Tell your doctor or pharmacist as soon as possible if you do not feel well while you are taking TAZAC.
Like other medicines, TAZAC may cause some unwanted side effects. These are likely to vary from patient to patient. It is important that you tell your doctor as soon as possible about any unwanted effects.
Ask your doctor or pharmacist to answer any questions you may have.
While you are taking TAZAC
Tell your doctor if you notice any of the following common side effects and they worry you
Incidences of abnormal liver function, accompanied by jaundice (yellow skin) have been rarely reported by patients taking TAZAC. This side effect has been reversed when TAZAC is stopped.
Tell your doctor if you notice anything unusual or if you are concerned about any aspect of your health, even if you think the problems are not connected with this medicine and are not referred to in this leaflet.
After using TAZAC
Keep your capsules in the blister pack until it is time to take them.
If you take your capsules out of the blister pack, they may not keep as well.
Keep your capsules in a cool dry place where the temperature stays below 25 degrees C.
All medicines should be kept where young children cannot reach them.
There will be an expiry date (month, year) on your TAZAC container. The medicine should not be taken after this date because it may have lost some of its strength.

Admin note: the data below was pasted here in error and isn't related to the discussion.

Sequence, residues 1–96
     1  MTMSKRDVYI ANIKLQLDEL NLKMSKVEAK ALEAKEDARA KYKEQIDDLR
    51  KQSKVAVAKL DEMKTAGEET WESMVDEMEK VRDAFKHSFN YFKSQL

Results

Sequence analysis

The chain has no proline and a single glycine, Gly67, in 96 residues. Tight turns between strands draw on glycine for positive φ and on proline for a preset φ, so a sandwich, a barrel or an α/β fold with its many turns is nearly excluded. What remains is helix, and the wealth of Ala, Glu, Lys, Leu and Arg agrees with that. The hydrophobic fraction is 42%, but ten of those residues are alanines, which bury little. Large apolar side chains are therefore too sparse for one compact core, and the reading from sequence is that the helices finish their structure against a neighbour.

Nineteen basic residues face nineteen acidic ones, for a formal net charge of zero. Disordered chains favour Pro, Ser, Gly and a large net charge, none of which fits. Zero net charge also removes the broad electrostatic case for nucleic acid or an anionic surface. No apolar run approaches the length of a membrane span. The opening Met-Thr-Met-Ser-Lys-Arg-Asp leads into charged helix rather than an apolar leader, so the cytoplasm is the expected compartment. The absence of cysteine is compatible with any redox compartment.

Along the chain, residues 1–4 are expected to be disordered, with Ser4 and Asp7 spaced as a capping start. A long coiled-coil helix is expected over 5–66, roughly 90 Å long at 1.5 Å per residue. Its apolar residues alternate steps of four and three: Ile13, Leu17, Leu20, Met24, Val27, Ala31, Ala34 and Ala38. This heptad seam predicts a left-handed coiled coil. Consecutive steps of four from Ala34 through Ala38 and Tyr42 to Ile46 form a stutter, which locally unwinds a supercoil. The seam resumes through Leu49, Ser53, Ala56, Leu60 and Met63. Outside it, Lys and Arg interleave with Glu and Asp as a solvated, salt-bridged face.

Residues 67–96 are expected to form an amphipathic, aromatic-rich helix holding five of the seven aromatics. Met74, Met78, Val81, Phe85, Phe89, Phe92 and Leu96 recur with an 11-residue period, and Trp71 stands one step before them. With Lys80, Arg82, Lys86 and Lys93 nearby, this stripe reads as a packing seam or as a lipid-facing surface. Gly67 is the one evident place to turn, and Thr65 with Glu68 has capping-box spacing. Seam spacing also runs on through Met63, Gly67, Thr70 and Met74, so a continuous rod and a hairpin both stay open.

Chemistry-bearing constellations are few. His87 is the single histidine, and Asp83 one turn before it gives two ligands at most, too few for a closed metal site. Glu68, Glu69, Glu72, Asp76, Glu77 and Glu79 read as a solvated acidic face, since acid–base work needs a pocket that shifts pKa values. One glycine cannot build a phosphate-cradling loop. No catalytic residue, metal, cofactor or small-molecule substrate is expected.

If your doctor tells you to stop taking TAZAC or you find that the capsules have passed their expiry date, ask your pharmacist what to do with any capsules that are left over.
What it looks like
TAZAC is available in two strengths:
TAZAC 150 mg capsules are coloured light and dark yellow with "N150" marked on them.
TAZAC 300 mg capsules are coloured light yellow and brown with "ab" and "N300" marked on them.
A box of TAZAC 150 mg contains 60 capsules (or 2 capsules as a starter pack); a box of TAZAC 300 mg contains 30 capsules.
TAZAC 150 mg
Active Ingredient : 150 mg nizatidine per capsule
Inactive Ingredients : starch-maize, starch-pregelatinised maize, dimethicone 350, magnesium stearate.
Capsule Shell : gelatin, yellow iron oxide, titanium dioxide, black ink
TAZAC 300 mg
Active Ingredient : 300 mg nizatidine per capsule
Inactive Ingredients : starch-maize, starch-pregelatinised maize, povidone, carmellose sodium, dimethicone 350, talc
Capsule Shell - gelatin, red iron oxide, yellow iron oxide, titanium dioxide, black ink
TAZAC does not contain gluten, lactose, sucrose, tartrazine or any other azo dyes.
Aspen Pharmacare Australia Pty Ltd
34-36 Chandos Street
St Leonards NSW 2065
Australian Registration Numbers:
TAZAC 150 mg - AUST R 49325
TAZAC 300 mg - AUST R 49326
This leaflet was revised in August 2005.